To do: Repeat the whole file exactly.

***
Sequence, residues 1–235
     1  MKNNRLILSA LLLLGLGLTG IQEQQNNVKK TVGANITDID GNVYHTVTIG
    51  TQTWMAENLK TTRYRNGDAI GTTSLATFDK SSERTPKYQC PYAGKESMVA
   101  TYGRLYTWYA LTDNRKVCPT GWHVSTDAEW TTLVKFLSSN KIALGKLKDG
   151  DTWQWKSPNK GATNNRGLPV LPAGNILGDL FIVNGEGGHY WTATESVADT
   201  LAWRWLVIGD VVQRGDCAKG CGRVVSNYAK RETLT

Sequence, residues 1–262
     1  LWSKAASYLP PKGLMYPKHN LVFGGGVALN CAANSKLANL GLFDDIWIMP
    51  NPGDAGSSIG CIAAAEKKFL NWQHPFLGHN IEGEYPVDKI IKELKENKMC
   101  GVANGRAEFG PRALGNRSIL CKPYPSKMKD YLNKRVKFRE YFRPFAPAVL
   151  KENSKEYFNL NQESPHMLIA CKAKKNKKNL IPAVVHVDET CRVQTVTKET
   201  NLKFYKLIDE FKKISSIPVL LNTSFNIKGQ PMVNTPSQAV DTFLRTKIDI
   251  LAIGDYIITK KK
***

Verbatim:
Sequence, residues 1–235
     1  MKNNRLILSA LLLLGLGLTG IQEQQNNVKK TVGANITDID GNVYHTVTIG
    51  TQTWMAENLK TTRYRNGDAI GTTSLATFDK SSERTPKYQC PYAGKESMVA
   101  TYGRLYTWYA LTDNRKVCPT GWHVSTDAEW TTLVKFLSSN KIALGKLKDG
   151  DTWQWKSPNK GATNNRGLPV LPAGNILGDL FIVNGEGGHY WTATESVADT
   201  LAWRWLVIGD VVQRGDCAKG CGRVVSNYAK RETLT

Sequence, residues 1–262
     1  LWSKAASYLP PKGLMYPKHN LVFGGGVALN CAANSKLANL GLFDDIWIMP
    51  NPGDAGSSIG CIAAAEKKFL NWQHPFLGHN IEGEYPVDKI IKELKENKMC
   101  GVANGRAEFG PRALGNRSIL CKPYPSKMKD YLNKRVKFRE YFRPFAPAVL
   151  KENSKEYFNL NQESPHMLIA CKAKKNKKNL IPAVVHVDET CRVQTVTKET
   201  NLKFYKLIDE FKKISSIPVL LNTSFNIKGQ PMVNTPSQAV DTFLRTKIDI
   251  LAIGDYIITK KK